Stunning Zika discovery causes huge amount of concern

Stunning Zika discovery causes huge amount of concern

An alarming new report on the transmission of the Zika virus could have major implications for the spread of the virus.

A startling new discovery on the Zika virus is cause for major concern as authorities scramble to halt the rapid spread of the disease.

Scientists at Emory University found that sexually active women were especially likely to get infected with the Zika virus, suggesting that sexual transmission may be how this disease is spreading, a groundbreaking discovery that could both help scientists find a cure and shows a worrying reality of the virus that could make it difficult to stop, according to a University of Minnesota report.

Researchers wanted to know if there were any age-related patterns for Zika infections, and to see just how big of a role sexual transmission played. They determined that 90 percent more registered Zika cases per 100,000 population happened in women at sexually active ages — between 15 and 65 — than in men of the same age.

“One group has recently discovered viral antigen in Hofbauer cells collected from placental tissue of a fetus that unfortunately died as a result of Zika virus infection,” says senior author and Assistant Professor in Pediatrics at the Emory University School of Medicine, Mehul Suthar, in the statement. “Our study indicates that this cell type may be a target for Zika virus in the placenta and replication in these cells may allow the virus to cross the placental barrier and enter the fetal circulation,” adds co-author Rana Chakraborty, a pediatric infectious disease specialist, also at Emory.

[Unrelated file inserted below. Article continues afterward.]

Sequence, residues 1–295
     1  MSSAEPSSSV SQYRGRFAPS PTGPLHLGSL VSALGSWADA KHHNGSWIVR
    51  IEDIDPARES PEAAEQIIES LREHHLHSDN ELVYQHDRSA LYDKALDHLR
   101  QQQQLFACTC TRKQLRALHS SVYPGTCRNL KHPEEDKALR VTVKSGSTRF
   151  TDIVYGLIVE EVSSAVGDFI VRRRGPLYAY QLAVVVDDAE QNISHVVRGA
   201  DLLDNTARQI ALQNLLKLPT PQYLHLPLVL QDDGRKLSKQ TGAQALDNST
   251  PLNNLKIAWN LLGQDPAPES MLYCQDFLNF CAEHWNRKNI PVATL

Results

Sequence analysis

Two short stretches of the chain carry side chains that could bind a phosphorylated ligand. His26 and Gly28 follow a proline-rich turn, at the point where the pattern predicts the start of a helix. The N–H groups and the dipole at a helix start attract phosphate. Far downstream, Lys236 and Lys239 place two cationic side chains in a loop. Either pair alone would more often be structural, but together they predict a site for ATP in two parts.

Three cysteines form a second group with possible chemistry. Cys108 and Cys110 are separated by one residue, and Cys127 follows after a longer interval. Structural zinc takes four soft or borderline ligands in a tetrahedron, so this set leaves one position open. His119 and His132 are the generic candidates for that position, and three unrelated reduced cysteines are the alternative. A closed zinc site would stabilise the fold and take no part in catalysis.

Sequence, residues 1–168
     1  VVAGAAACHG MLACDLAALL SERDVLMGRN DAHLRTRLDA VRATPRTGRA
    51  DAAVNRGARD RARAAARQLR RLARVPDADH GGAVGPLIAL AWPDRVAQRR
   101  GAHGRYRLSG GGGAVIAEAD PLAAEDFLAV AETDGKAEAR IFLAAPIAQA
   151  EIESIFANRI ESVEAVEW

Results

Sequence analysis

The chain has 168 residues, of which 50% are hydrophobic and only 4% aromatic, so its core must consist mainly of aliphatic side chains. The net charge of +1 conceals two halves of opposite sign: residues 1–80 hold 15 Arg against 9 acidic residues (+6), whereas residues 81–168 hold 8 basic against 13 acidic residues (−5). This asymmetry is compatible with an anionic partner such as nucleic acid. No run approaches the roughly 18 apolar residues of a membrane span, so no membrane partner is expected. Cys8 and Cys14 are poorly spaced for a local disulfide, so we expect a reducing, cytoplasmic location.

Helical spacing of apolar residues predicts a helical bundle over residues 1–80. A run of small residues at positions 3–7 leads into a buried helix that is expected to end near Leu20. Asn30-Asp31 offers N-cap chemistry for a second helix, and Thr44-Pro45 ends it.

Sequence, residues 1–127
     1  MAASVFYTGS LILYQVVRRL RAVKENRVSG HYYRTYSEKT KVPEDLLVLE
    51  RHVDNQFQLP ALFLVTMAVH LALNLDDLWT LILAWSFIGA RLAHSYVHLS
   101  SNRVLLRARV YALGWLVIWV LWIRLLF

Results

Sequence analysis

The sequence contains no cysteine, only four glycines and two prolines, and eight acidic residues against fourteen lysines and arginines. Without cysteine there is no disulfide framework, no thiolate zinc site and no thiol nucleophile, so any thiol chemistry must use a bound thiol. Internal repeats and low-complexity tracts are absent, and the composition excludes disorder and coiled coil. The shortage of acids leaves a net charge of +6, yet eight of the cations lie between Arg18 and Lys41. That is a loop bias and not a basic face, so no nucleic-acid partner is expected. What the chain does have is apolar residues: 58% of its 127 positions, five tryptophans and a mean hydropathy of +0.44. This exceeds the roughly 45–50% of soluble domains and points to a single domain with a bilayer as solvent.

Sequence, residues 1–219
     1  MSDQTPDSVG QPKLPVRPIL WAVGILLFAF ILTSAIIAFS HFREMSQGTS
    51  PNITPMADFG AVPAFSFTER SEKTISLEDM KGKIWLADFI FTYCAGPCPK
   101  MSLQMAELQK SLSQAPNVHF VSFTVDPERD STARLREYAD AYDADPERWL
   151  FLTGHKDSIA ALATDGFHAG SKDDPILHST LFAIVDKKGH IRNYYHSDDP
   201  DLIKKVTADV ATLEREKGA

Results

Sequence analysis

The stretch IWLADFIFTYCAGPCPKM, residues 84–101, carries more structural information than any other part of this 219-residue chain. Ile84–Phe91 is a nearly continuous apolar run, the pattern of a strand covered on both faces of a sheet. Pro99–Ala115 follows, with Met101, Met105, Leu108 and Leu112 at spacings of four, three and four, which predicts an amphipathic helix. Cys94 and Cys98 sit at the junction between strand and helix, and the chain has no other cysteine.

The statement adds: “One explanation for how the virus crosses the placental barrier is by initial infection of syncytiotrophoblasts, the outermost layer of cells that surrounds and nurtures the fetus. However, earlier work (10.1016/j.chom.2016.03.008) has shown that these cells can resist the virus. The work from the Suthar Lab shows that the less-differentiated cytotrophoblasts are permissive for Zika virus infection, suggesting that if the virus is able to cross the syncytiotrophoblast layer, the virus has access to target cells where it can replicate. While Hofbauer cells were identified over a century ago, very little is known about them. Overall, the Zika epidemic has helped to reveal that the placenta is one of the most understudied human organs.”

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